“Based on law enforcement interviews, Little Falls Community Schools was specifically identified in a TikTok post related to this threat,” one school district in Minnesota said in a letter Thursday. “In conversations with local law enforcement, the origins of this threat remain unknown. Therefore, school throughout the district is canceled tomorrow, Friday, December 17.”
In Gilroy, California, one high school that closed its doors Friday said it would reschedule final exams that were expected to take place the same day to January.
According to the Associated Press, several other districts in Arizona, Connecticut, Illinois, Montana, New York, and Pennsylvania stationed more police officers at their schools Friday.
Viral Misinformation or Legitimate Warnings?
As The Verge notes, “The reports of threats on TikTok may be self-perpetuating.”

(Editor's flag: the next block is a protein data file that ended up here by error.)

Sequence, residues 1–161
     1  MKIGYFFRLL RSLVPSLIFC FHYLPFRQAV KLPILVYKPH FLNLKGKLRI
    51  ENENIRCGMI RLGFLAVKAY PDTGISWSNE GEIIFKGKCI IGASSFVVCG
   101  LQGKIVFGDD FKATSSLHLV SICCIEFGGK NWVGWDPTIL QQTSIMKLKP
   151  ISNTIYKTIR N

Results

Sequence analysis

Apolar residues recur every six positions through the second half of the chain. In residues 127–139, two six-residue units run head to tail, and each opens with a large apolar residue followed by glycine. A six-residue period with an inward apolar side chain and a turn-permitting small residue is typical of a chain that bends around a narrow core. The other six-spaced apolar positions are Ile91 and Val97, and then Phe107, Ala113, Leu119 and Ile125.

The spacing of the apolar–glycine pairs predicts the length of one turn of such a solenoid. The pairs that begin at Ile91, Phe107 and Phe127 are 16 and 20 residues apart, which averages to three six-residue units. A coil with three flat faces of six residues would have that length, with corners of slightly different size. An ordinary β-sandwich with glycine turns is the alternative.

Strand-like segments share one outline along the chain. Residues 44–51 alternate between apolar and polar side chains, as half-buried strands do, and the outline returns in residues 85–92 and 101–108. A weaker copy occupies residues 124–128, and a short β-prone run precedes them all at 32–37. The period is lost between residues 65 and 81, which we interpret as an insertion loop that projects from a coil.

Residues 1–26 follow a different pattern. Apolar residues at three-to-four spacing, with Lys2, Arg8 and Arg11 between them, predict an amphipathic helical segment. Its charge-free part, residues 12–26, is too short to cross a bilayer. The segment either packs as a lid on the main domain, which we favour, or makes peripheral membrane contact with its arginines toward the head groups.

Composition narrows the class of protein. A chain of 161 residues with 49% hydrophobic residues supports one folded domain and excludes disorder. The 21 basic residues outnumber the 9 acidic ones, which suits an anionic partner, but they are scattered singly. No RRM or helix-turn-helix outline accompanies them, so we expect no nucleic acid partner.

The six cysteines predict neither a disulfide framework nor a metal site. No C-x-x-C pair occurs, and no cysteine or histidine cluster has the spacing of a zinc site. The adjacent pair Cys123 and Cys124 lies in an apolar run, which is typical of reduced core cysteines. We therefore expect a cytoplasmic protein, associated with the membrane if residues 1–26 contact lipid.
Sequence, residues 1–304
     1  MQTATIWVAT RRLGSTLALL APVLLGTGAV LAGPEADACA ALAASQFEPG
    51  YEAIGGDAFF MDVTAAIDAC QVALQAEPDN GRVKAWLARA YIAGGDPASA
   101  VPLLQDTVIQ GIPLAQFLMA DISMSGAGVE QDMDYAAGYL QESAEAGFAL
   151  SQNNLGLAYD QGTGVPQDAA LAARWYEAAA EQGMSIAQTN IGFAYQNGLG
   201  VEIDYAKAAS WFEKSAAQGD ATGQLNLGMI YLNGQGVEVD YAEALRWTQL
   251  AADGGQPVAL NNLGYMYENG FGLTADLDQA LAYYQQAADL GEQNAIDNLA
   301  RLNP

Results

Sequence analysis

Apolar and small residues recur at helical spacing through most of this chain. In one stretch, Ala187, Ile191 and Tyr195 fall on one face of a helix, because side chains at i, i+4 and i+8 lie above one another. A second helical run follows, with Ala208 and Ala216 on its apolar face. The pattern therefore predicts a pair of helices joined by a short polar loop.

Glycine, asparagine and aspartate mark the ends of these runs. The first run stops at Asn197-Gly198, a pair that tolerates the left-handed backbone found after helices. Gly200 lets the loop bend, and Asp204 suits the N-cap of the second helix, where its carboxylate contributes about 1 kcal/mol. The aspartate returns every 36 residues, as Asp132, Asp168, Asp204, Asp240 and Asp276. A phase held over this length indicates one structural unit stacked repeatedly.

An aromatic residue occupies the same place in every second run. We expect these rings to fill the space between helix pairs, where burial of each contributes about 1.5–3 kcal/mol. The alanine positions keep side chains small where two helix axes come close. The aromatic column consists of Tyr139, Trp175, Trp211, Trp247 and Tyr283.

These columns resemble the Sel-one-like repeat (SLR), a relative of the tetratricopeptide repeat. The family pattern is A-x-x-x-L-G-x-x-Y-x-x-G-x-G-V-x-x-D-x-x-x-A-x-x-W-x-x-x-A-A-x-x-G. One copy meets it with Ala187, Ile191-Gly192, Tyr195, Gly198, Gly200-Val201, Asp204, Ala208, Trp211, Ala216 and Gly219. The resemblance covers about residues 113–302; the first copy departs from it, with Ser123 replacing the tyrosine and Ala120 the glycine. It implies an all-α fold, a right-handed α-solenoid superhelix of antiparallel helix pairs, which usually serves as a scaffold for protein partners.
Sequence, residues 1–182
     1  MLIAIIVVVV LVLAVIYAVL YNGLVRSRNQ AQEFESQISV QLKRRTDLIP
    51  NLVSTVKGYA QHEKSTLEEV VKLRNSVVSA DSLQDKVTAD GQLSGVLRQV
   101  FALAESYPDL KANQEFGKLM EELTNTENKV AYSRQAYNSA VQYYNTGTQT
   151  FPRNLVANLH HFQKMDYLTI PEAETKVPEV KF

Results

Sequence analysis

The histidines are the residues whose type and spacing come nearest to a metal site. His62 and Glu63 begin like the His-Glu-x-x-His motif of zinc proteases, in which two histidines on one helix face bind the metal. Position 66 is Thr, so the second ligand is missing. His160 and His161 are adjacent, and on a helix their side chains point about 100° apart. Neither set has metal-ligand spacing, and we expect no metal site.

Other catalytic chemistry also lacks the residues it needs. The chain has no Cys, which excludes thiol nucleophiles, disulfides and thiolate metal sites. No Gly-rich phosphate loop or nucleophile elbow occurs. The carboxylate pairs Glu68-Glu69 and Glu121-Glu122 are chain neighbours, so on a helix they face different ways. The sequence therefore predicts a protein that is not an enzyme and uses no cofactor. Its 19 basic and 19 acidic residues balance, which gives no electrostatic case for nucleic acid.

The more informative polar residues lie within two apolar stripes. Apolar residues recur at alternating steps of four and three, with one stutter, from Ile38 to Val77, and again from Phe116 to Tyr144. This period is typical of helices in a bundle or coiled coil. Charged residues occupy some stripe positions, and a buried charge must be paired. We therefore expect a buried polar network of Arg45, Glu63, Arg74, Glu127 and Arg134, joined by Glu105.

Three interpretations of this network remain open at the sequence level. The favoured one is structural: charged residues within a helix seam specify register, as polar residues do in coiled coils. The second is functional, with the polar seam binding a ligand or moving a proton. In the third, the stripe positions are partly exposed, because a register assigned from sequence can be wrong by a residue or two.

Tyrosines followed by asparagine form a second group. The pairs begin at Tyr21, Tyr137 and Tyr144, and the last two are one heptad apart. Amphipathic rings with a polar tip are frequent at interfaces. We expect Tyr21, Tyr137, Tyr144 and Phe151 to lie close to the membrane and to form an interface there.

For example, many of the videos online may have been created in response to initial warnings as more people hopped onto the trend. Amid school cancellations, videos have continued to sprout up — many awash with both rumors and factual information.
“I’m scared off my ass, what do I do???” one TikTok user said in a now-deleted video, according to People.
“The post is vague and not directed at a specific school, and is circulating around school districts across the country,” Chicago Public Schools said in a letter, though it did not identify any specific post. “Please do not re-share any suspicious or concerning posts on social media.”
According to Dr. Amy Klinger, the director of programs for the nonprofit Educator’s School Safety Network, “This is not 2021 phenomenon.”